Open Access Repository

Uneven development and the environment: towards a theoretical framework for the study of environmental issues


Downloads per month over past year

Konstantinidis, G 1979 , 'Uneven development and the environment: towards a theoretical framework for the study of environmental issues', Coursework Master thesis, University of Tasmania.

PDF (Whole thesis)
whole_Konstanti...pdf | Download (2MB)
Available under University of Tasmania Standard License.

| Preview


The central concern of this paper is an examination of the political
economy approach to the questions of regional and national imbalance
in the distribution of economic activity, and an application of this
approach to environmental issues in general as well as to the
specific economic and environmental problems facing Tasmania. Basic
tenets of the centre-periphery approach to the question of spatial
imbalance include (a) that regional imbalances are but the spatial
expression of certain characteristics of the private-enterprise
system; (b) that the relevant characteristics include i) private
investment decisions according to considerations of private gain,
ii) divergence and conflict between the public and private costs and
benefits of such decisions, resulting in iii) uneven development
manifesting itself in inequalities of various forms and at various
levels, which are both undesirable and cumulative; and
(c) that a vital link exists between the various parts of the system
so that each part can only be studied in the context of the
operations of the whole.
These arguments are exemplified by consideration of the two most
important applications of the centre-periphery approach: its
application in explaining inequalities between regions and its
application in explaining inequalities between nations.
At the level of regions, it is argued that, contrary to the
assumptions and expectations of orthodox theory, not only do
inequalities exist and persist but also that they are growing over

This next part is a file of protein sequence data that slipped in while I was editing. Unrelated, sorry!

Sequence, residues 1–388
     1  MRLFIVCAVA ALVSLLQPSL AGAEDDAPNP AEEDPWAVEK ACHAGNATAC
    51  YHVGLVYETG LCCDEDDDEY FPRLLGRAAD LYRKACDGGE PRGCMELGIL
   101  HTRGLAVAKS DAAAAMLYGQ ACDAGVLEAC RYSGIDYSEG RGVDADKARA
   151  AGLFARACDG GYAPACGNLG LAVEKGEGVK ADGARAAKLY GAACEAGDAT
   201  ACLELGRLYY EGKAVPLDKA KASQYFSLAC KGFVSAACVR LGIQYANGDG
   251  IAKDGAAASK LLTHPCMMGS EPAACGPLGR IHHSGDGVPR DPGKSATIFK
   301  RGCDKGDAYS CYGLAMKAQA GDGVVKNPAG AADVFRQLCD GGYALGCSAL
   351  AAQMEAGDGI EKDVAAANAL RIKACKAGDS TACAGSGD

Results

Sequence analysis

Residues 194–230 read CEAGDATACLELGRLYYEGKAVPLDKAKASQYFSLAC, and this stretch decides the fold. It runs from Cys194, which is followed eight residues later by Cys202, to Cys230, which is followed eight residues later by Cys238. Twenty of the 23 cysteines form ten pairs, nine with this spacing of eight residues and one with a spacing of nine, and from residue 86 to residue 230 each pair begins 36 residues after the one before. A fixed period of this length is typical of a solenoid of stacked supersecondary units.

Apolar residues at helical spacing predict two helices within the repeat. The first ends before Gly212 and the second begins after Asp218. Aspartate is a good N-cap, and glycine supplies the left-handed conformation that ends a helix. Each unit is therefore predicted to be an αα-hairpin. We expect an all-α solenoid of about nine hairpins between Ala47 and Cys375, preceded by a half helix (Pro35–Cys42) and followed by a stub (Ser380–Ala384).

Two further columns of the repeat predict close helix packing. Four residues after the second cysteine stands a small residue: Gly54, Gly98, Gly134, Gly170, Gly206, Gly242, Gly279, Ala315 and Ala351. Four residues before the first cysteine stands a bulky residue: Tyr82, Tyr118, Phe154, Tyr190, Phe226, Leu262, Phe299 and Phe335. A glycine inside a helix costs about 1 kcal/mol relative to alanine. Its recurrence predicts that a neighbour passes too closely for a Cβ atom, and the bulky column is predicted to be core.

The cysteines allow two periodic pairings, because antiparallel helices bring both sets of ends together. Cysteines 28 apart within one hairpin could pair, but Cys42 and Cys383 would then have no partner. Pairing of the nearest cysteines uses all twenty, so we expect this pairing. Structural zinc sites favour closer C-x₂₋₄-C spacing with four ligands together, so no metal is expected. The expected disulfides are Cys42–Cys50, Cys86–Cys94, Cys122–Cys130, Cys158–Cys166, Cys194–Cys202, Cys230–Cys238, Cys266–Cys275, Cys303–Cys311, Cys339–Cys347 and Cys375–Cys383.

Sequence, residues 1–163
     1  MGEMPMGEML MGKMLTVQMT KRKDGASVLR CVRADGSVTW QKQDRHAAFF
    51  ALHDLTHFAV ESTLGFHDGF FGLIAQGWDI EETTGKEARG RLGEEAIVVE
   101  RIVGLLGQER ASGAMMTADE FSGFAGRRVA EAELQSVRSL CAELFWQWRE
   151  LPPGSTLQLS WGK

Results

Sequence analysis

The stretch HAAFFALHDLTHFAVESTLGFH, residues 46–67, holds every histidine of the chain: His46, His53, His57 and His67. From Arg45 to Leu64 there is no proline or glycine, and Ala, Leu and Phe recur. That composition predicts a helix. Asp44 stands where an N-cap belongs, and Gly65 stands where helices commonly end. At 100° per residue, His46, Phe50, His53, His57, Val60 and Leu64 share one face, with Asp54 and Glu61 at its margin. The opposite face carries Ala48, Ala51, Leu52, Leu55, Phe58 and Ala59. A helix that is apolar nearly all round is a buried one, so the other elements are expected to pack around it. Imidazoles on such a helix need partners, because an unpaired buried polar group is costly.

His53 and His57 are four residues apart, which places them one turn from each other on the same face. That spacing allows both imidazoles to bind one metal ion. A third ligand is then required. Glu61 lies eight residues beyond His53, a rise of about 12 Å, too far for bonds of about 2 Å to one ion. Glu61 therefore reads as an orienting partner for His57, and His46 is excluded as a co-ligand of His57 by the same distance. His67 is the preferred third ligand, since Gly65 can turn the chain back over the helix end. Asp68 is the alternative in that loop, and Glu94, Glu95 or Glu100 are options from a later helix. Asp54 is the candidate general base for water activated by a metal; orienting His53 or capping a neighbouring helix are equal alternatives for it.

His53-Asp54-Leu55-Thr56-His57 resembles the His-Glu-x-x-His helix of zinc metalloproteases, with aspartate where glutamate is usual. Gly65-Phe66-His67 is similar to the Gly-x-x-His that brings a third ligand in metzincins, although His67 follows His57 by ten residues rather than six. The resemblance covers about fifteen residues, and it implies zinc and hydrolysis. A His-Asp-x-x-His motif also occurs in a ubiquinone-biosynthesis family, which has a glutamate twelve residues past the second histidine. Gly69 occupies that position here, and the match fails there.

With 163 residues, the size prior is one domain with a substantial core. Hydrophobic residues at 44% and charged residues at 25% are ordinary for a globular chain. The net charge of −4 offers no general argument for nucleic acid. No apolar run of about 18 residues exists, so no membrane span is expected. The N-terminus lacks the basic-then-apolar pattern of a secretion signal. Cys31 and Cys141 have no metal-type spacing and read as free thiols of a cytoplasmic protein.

time and, further, that this constitutes a problem. It is found
that the 'centre' is almost invariably favoured by private investors
over the 'periphery', thus reinforcing the advantages that the
former already holds over the latter in terms of an economic
structure more favourable to growth.
The argument is extended to the level of nations and the centre-periphery
(or dependency) approach is contrasted to orthodox
development theory. The former views both development and underdevelopment
as the necessary result and contemporary manifestation
of a single system, the product of a single yet dialectically
contradictory economic structure and process whose mechanisms are
colonial and neo-colonial relations between the developed and the
underdeveloped parts of the capitalist world. Where the orthodox
approach sees poverty, tradition and backwardness as the defining
characteristics of underdevelopment, to the dependency theorists
poverty and backwardness are symptoms of underdevelopment and
underdeveloped countries are not 'traditional' societies.
According to this approach the defining characteristics of underdevelopment
are external dependence of a form which results in
(and is perpetuated by) the disarticulation of the various sectors
of the economic system and the extraction of surplus. Persisting
and cumulative inequalities between nations are explained in terms
of the 'mechanisms of imperialism', to be found in the forms of
trade and other linkages between developed and underdeveloped
countries and reflected in the latters' internal structures as well
as in their external relations .
It is finally argued that the centre-periphery approach to
questions of intra- and inter-national imbalances and inequalities
offers significant insights to the study of environmental issues
and can contribute to the construction of a more satisfactory
theoretical framework for this purpose.

Item Type: Thesis - Coursework Master
Authors/Creators:Konstantinidis, G
Keywords: Economic development
Copyright Holders: The Author
Copyright Information:

Copyright 1979 the Author - The University is continuing to endeavour to trace the copyright
owner(s) and in the meantime this item has been reproduced here in good faith. We
would be pleased to hear from the copyright owner(s).

Additional Information:

Thesis (M.Env.St.)--University of Tasmania, 1979. Includes bibliography

Item Statistics: View statistics for this item

Actions (login required)

Item Control Page Item Control Page